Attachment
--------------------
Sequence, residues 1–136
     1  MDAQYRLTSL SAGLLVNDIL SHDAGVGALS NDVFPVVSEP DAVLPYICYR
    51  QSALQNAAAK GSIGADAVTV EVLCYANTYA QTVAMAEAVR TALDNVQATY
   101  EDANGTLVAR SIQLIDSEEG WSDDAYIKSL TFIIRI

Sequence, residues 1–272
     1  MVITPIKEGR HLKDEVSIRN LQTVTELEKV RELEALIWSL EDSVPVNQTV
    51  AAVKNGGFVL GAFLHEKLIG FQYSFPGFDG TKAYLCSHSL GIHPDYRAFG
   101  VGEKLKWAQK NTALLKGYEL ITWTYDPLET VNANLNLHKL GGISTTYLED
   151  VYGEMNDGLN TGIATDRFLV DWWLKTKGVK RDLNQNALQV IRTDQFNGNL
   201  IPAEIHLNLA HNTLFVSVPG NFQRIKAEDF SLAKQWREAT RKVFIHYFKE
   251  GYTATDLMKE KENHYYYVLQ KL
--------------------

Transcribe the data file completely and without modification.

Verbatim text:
Sequence, residues 1–136
     1  MDAQYRLTSL SAGLLVNDIL SHDAGVGALS NDVFPVVSEP DAVLPYICYR
    51  QSALQNAAAK GSIGADAVTV EVLCYANTYA QTVAMAEAVR TALDNVQATY
   101  EDANGTLVAR SIQLIDSEEG WSDDAYIKSL TFIIRI

Sequence, residues 1–272
     1  MVITPIKEGR HLKDEVSIRN LQTVTELEKV RELEALIWSL EDSVPVNQTV
    51  AAVKNGGFVL GAFLHEKLIG FQYSFPGFDG TKAYLCSHSL GIHPDYRAFG
   101  VGEKLKWAQK NTALLKGYEL ITWTYDPLET VNANLNLHKL GGISTTYLED
   151  VYGEMNDGLN TGIATDRFLV DWWLKTKGVK RDLNQNALQV IRTDQFNGNL
   201  IPAEIHLNLA HNTLFVSVPG NFQRIKAEDF SLAKQWREAT RKVFIHYFKE
   251  GYTATDLMKE KENHYYYVLQ KL